In an interview, Johnny Teen (Michael Flek) was quoted as saying that whilst Wild Youth identified with the music of the UK punk bands, “…but not with their lyrics. Obviously we can’t identify with the dole queue. We’d be hypocrites if we did identify with them, because we aren’t poor. But we can identify with boredom and the sort of things that get on your nerves that the punks sing about – police getting you down and this sort of thing…” Teen went on to say how the band had been ripped apart by journalists who had never even bothered to speak with any of the members of Wild Youth, “They see us play and they go back to their typewriters and try to make up an imaginary story about how we claim to be what we aren’t. But we don’t claim street credibility and they’d like to think that we do”.
Lindy van der Meulen has pointed out that the South African punk bands such as Wild Youth were unjustly accused of appropriating the ethos of the UK punk bands, although they shared very similar, legitimate concerns such as the largesse of the record companies and their frustration with authority, with their British counterparts.
During 1979 and 1980, Wild Youth played countless concerts around South Africa. The band constantly changed the setlist to make sure that each show was different. They did cross paths with the boys from Springs. Wild Youth opened for the Radio Rats when the two bands played at Travolta’s Disco at the Killarney Hotel in Durban.
Wild Youth also met up with James Phillips and Corporal Punishment during a trip to Springs. The Corporals were younger than the members of Wild Youth and Flek recalls that Phillips was only around twenty years old. After the band members were introduced to one another Wild Youth were asked to play some songs. Flek, Rose and Peinke never held back, even when they were rehearsing and they poured all their energy into this performance. The Corporals watched and took notes.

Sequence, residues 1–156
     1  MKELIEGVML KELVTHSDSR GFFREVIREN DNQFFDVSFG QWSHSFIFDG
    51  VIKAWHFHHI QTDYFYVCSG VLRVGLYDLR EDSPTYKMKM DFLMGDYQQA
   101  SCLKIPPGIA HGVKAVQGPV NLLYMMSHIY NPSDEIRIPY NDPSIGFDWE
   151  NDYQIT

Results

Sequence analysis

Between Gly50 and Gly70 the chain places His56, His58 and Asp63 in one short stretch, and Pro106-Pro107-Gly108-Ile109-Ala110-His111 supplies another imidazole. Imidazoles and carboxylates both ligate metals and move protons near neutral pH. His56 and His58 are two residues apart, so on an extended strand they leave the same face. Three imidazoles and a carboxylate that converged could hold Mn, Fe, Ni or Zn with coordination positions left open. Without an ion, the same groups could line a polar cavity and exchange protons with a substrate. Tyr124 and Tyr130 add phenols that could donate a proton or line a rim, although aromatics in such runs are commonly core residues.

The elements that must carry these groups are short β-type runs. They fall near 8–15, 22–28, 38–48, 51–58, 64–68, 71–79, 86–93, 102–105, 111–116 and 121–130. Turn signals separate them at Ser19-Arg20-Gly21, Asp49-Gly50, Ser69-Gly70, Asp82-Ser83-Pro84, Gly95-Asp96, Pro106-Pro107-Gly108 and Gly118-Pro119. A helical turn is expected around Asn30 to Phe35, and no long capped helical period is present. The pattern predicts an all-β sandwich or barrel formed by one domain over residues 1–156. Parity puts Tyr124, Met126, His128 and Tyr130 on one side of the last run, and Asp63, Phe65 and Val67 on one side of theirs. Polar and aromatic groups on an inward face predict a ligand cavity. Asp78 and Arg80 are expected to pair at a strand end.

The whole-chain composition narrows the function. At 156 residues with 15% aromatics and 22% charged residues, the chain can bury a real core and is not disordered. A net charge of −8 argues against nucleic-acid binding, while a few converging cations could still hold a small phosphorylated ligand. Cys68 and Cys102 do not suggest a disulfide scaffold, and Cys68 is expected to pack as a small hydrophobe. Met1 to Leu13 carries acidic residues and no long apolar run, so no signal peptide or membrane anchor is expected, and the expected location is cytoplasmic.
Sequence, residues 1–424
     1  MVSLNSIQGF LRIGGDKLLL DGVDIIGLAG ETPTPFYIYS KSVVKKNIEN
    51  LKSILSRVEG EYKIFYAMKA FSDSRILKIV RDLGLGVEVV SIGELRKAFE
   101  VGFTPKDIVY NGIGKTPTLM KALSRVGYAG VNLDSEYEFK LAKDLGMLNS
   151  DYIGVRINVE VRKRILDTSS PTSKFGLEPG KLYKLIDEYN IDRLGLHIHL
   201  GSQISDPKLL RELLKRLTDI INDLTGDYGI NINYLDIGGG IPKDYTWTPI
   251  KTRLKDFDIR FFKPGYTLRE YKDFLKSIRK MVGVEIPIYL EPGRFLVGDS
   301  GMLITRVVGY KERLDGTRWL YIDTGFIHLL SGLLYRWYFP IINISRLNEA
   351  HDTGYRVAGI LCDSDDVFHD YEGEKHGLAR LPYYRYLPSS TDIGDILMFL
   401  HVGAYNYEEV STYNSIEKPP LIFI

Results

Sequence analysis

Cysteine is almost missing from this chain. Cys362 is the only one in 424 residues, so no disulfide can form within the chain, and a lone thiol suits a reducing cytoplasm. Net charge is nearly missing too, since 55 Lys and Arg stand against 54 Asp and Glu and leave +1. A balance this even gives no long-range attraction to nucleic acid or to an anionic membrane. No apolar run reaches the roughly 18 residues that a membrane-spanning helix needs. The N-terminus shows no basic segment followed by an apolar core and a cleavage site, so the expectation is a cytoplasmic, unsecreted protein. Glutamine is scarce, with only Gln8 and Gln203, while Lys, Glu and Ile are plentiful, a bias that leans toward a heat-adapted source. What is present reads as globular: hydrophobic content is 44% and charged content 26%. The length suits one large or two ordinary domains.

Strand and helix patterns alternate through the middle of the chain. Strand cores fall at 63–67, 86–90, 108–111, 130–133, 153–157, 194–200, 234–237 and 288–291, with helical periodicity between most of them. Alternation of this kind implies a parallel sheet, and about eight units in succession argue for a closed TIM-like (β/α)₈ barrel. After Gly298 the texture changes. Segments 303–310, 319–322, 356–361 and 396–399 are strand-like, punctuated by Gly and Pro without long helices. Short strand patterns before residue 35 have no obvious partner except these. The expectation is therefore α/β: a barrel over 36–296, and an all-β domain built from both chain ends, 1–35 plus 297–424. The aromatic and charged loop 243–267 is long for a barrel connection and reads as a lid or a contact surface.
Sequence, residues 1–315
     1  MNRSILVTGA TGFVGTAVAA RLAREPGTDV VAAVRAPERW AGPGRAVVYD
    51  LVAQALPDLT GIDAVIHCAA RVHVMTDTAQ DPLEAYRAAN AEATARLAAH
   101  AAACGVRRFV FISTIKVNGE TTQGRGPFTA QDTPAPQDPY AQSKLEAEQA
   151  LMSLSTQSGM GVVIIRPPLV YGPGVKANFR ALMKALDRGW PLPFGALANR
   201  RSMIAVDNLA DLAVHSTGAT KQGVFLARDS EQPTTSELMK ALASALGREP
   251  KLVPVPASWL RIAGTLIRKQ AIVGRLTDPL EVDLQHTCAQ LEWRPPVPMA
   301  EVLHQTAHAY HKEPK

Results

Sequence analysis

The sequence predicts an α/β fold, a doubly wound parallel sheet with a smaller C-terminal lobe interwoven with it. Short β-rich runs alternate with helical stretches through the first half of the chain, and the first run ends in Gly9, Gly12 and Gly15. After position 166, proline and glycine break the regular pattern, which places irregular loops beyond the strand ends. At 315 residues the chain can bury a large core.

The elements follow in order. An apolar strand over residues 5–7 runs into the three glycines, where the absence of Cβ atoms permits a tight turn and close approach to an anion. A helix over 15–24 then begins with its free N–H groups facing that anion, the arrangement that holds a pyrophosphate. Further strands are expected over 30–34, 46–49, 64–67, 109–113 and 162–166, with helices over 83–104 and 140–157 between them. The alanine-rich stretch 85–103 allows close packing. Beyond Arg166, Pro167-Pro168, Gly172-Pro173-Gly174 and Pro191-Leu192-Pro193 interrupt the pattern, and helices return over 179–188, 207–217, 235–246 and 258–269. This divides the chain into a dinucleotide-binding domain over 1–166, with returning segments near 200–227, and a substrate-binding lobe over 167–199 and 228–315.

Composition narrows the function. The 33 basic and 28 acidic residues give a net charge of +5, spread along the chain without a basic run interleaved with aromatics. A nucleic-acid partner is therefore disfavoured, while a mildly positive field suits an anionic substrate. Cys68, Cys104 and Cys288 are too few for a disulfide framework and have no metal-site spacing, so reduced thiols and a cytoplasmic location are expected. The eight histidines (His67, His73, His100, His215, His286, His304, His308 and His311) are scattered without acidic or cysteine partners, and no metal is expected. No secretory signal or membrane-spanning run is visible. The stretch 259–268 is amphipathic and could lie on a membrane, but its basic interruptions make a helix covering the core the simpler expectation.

Some of the Wild Youth shows were chaotic. At a concert in Chatsworth, the band was pelted with tomatoes, eventually their clothes were so drenched with tomato juice, it looked like the band members were covered in blood. At another show in the Girl Guide Hall in Morningside, drummer Rubin Rose was beaten up by a gang who had gate-crashed the concert. As a result, the show did not take place and Rose ended up in hospital with concussion.
Towards the end of 1979, Benjy Mudie asked Wild Youth to contribute two songs to the “Six of the Best” compilation album, which also included tracks by Corporal Punishment, the Safari Suits, Roger Lucey, Bill Blynn and Leopard. The band re-recorded “Record Companies” and “So Messed Up” for this iconic album.
The constant touring started to pay off and Wild Youth became quite popular in Johannesburg. In February 1980 they appeared at the Free People’s Concert with Juluka, Finch & Henson, Roger Lucey and Edi Niederlander and in May of that year, they played to a crowd of over one thousand students at the University of the Witwatersrand. A glowing review of this show appeared in the Star newspaper, “Wild Youth’[s] …hour-long, beer-drenched set at Wits last Saturday night was a triumphant assertion of the raw power of rock ‘n’ roll … Wild Youth epitomise the term punk – even of (sic) they don’t quite attain the psychotic intensity of the Sex Pistols … We’re talking here about the best group in the country, and for the most part they are either ignored or treated with half-amused condescension…”.
Wild Youth’s music was developing with Flek saying that the music at that stage had a “post punk edge”, but unfortunately Andrew Peinkie decided to leave the band and Wild Youth broke up without ever having recorded an album.
After Wild Youth broke up, Michael Flek with Eugene Strange and “the Pope” formed the Gay Marines. Andrew Peinkie formed Le Metro Tois and Rubin Rose formed the Anti-Heroes.
Michael Flek remains active in the music world and was featured in the documentary “Punk in Africa”.
Read more about Wild Youth and Michael Flek over here Michael Flek
Watch the trailer of “Punk in Africa” over here Punk in Africa
Sources for this article are theses by Lindy van der Meulen and N’asan Pather as well as Michael Flek’s blog, The Wild Youth story.